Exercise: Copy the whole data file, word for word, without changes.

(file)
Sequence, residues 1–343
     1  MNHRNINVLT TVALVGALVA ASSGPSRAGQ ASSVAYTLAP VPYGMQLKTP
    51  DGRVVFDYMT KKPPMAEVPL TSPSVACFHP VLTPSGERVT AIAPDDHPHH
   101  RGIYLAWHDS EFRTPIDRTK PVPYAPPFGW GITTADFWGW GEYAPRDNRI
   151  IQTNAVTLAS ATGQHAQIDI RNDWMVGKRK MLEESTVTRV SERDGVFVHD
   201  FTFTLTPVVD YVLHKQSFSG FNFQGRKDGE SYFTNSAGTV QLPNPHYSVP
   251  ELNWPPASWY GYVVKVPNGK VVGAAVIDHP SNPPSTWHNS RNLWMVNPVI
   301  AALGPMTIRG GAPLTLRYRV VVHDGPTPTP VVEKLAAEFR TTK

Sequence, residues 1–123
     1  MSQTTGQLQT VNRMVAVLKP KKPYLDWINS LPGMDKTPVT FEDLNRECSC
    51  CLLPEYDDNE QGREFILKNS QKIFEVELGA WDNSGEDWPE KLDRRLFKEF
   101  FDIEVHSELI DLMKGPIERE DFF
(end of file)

Sequence, residues 1–343
     1  MNHRNINVLT TVALVGALVA ASSGPSRAGQ ASSVAYTLAP VPYGMQLKTP
    51  DGRVVFDYMT KKPPMAEVPL TSPSVACFHP VLTPSGERVT AIAPDDHPHH
   101  RGIYLAWHDS EFRTPIDRTK PVPYAPPFGW GITTADFWGW GEYAPRDNRI
   151  IQTNAVTLAS ATGQHAQIDI RNDWMVGKRK MLEESTVTRV SERDGVFVHD
   201  FTFTLTPVVD YVLHKQSFSG FNFQGRKDGE SYFTNSAGTV QLPNPHYSVP
   251  ELNWPPASWY GYVVKVPNGK VVGAAVIDHP SNPPSTWHNS RNLWMVNPVI
   301  AALGPMTIRG GAPLTLRYRV VVHDGPTPTP VVEKLAAEFR TTK

Sequence, residues 1–123
     1  MSQTTGQLQT VNRMVAVLKP KKPYLDWINS LPGMDKTPVT FEDLNRECSC
    51  CLLPEYDDNE QGREFILKNS QKIFEVELGA WDNSGEDWPE KLDRRLFKEF
   101  FDIEVHSELI DLMKGPIERE DFF